Transcript:

Hi, I hope you're well today.

Yesterday was Halloween - you can tell because I still have the remnants on the side of my face! - and it got me thinking about fear and how, when you're thinking about stopping drinking, you can be scared of all sorts of things. And so today's video is all about fear and why it doesn't have to stop you from taking the action you want to take.

So for me, when I first started thinking about stopping drinking and getting sober, I was terrified. I was terrified not only of what would happen if I carried on drinking, what was going to happen to my body, what was going to happen to my mind, my mental health, my emotional health, my relationships, what was going to happen to my future life if I carried on drinking, what terrible physical things were going to happen to my body… but I was also terrified of life without alcohol.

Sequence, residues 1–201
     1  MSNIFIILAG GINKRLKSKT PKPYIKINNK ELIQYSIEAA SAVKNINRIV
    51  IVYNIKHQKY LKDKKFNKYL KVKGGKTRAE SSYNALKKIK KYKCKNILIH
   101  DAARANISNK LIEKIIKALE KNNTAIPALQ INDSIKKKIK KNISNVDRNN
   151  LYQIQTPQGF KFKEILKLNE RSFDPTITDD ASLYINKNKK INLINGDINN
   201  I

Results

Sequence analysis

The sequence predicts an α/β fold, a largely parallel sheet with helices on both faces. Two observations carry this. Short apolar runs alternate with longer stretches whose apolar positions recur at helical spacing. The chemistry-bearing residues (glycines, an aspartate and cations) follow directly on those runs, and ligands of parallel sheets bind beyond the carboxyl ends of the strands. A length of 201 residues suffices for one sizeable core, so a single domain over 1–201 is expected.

I was scared that I was going to become dull and boring, that I was going to become Billy-No-Mates because nobody would want to be around me when I wasn't drinking. I was scared that the alcohol was what gave me my sociability, my ability to be able to chat to other people, to interact with other people, to have a laugh, to joke around, to become a bit more uninhibited. I was scared that alcohol was the thing that gave me the courage to be kind of different versions of myself, you know... to be the outgoing, sociable, happy and carefree version. I needed alcohol to unleash that version of me to be able to party, to be able to enjoy myself. I was scared that without alcohol, I wasn't going to be able to do it. I was scared that without alcohol I had to kind of be a version of me that was real and the real version of me wasn't worth really hanging around. I wasn't good enough as I was without the alcohol.